Blog dedicated to reporting on Mexican drug cartels
on the border line between the US and Mexico

Monday, February 21, 2022

Nogales, Arizona: ‘Operation Funnel Cake’ Unfolds In Santa Cruz County

"Sol Prendido" for Borderland Beat

A local investigation of two people’s banking activity helped uncover a massive money laundering conspiracy supported by more than 600 accomplices in the U.S. and Mexico.

Federal investigators say they uncovered a money laundering scheme involving local Wells Fargo bank accounts, money exchange houses in Nogales, Sonora, and at at least 600 conspirators in the United States and Mexico. Seen here, the Wells Fargo branch in Rio Rico, where even the branch manager was found to be involved in the scam.

In 2018, federal agents based in Nogales received information about potentially suspicious banking activity. Two individuals had received $136,000 in cash deposits over a short period of time, withdrew some of the funds, and wired the rest to Mexico.

Things escalated from there.

According to Scott Brown, special agent in charge of the Phoenix bureau of Homeland Security Investigations, the ensuing probe uncovered a large-scale money laundering scheme supported by more than 600 accomplices in the United States and Mexico.

The network, he said, included at least one local Wells Fargo branch, along with money exchange houses in Nogales, Sonora. The scheme involved cash generated by illegal activity in the United States. The cash was then “funneled” through U.S. bank accounts to Mexico – into the hands of a drug trafficking organization.

Court records say “cash drug proceeds” from 29 states were funneled through 156 accounts at “Wells Fargo Bank in Southern Arizona.” Many of those accounts were opened at the Wells Fargo branch in Rio Rico, whose former branch manager is now serving a federal prison sentence for his role in the conspiracy.

Money laundering schemes are often spread across different states in this manner. But the scope of this investigation – nicknamed “Operation Funnel Cake” by authorities – is significant, according to Brown.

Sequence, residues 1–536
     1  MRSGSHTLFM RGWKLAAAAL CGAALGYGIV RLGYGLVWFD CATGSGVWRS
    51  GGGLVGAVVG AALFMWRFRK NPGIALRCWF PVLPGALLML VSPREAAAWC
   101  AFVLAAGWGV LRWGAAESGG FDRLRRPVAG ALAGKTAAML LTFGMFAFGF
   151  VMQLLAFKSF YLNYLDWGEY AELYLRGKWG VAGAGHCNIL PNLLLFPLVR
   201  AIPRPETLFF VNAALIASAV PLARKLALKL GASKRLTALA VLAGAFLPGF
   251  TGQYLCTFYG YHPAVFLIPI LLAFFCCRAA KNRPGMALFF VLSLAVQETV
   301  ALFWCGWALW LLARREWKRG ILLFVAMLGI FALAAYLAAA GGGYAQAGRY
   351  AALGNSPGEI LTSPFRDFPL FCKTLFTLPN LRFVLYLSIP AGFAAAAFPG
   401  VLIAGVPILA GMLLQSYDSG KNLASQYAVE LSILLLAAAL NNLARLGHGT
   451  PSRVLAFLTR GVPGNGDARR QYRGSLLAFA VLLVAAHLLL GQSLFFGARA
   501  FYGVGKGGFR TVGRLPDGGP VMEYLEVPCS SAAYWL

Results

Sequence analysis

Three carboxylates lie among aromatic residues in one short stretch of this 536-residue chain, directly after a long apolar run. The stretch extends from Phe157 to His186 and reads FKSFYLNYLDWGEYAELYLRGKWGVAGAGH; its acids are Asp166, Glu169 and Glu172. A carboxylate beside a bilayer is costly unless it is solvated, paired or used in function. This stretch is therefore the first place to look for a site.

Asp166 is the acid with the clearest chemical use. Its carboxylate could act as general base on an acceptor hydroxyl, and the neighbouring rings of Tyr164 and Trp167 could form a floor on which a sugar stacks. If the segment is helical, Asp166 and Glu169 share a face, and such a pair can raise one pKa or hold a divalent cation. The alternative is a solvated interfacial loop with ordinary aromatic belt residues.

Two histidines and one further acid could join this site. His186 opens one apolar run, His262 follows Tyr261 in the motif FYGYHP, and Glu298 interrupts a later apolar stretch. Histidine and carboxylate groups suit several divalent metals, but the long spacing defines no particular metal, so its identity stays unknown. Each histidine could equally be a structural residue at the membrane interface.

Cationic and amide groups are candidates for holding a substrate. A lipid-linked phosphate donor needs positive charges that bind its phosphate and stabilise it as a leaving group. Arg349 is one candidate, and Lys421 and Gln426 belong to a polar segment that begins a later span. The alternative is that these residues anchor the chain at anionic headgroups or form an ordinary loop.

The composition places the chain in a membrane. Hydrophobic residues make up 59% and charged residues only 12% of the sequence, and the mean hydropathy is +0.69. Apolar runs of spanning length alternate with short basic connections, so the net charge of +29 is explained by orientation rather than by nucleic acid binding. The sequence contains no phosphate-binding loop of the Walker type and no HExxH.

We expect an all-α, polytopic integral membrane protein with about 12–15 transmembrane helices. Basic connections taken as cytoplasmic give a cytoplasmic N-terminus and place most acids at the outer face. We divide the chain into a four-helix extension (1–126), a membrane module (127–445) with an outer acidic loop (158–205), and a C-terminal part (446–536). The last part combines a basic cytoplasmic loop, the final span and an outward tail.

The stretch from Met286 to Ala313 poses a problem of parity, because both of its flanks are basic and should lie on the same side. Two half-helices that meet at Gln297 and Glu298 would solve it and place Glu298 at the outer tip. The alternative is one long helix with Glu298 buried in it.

“When you find one funnel account, that almost always leads you to multiple funnel accounts,” Brown told the NI.

“Once we open that door a little bit,” he added, “it very quickly gets kicked much wider open.”

The multi-agency federal investigation of Operation Funnel Cake is ongoing. Meanwhile, those swept up in its net so far – mostly those who played minor roles, as well as a few bigger fish – continue to be prosecuted, convicted and sentenced. Many of those cases are ending up at Santa Cruz County Superior Court, filed by the Arizona Attorney General’s Office.

The defendants’ backgrounds vary: A recent high school graduate, a factory worker in her 30s, a manager at a casino, an elementary school teacher. All were tasked with opening a banking account in Santa Cruz County, through which mid-level operators could make deposits and withdrawals.

Some received financial compensation for operating the funnel accounts; others say they did not.

But regardless of their level of participation, they all played a role in a larger scheme – one that catalyzed illicit drug trafficking.

The role of money laundering

As she sentenced a 60-year-old woman on Monday at Santa Cruz County Superior Court, Judge Liliana Ortega outlined the essential role money laundering plays in empowering drug cartels.

“That’s what makes the drug trafficking organizations work,” Ortega told the defendant, who’d been charged with money laundering in the second degree. “If it weren’t for the money, there wouldn’t be any drug trafficking organizations.”

In a report published earlier this month, a federal commission established by Congress estimated that 100,000 people in the United States died of drug overdoses between June 2020 and May 2021. The commission described synthetic opioids as “a slow-motion weapon of mass destruction.”

Money laundering, the report acknowledged, aids that destruction.

By securing the profits of drug sales and siphoning the cash to cartels, money laundering operations provide financial support to the makers and transporters of opioids, as well as other addictive and deadly drugs.

Now, electronic methods of transferring money – such as wire transfers and cryptocurrency – are presenting new challenges in detecting illicit operations, the commission said.

“Greater efforts,” it said, “are needed to target illegal drug proceeds.”